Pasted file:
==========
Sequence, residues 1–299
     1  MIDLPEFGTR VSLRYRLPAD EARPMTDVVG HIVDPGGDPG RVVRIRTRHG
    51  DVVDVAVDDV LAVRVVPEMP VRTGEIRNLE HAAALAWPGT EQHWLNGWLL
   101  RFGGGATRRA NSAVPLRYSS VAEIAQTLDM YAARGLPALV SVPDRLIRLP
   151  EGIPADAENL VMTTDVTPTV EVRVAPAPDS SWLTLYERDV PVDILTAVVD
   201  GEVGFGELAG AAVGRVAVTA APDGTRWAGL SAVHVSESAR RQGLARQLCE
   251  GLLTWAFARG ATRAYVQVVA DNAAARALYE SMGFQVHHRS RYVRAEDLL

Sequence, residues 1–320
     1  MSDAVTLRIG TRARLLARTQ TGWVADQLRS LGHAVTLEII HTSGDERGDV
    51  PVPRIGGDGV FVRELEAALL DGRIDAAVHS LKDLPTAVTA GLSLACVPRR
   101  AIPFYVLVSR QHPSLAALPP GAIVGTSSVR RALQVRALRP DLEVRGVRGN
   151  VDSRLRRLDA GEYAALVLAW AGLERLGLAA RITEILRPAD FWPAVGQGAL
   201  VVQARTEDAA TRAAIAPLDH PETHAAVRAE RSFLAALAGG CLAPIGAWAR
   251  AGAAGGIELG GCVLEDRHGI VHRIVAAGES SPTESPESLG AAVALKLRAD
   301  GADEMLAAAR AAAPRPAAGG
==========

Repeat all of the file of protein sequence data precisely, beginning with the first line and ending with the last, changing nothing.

Sequence, residues 1–299
     1  MIDLPEFGTR VSLRYRLPAD EARPMTDVVG HIVDPGGDPG RVVRIRTRHG
    51  DVVDVAVDDV LAVRVVPEMP VRTGEIRNLE HAAALAWPGT EQHWLNGWLL
   101  RFGGGATRRA NSAVPLRYSS VAEIAQTLDM YAARGLPALV SVPDRLIRLP
   151  EGIPADAENL VMTTDVTPTV EVRVAPAPDS SWLTLYERDV PVDILTAVVD
   201  GEVGFGELAG AAVGRVAVTA APDGTRWAGL SAVHVSESAR RQGLARQLCE
   251  GLLTWAFARG ATRAYVQVVA DNAAARALYE SMGFQVHHRS RYVRAEDLL

Sequence, residues 1–320
     1  MSDAVTLRIG TRARLLARTQ TGWVADQLRS LGHAVTLEII HTSGDERGDV
    51  PVPRIGGDGV FVRELEAALL DGRIDAAVHS LKDLPTAVTA GLSLACVPRR
   101  AIPFYVLVSR QHPSLAALPP GAIVGTSSVR RALQVRALRP DLEVRGVRGN
   151  VDSRLRRLDA GEYAALVLAW AGLERLGLAA RITEILRPAD FWPAVGQGAL
   201  VVQARTEDAA TRAAIAPLDH PETHAAVRAE RSFLAALAGG CLAPIGAWAR
   251  AGAAGGIELG GCVLEDRHGI VHRIVAAGES SPTESPESLG AAVALKLRAD
   301  GADEMLAAAR AAAPRPAAGG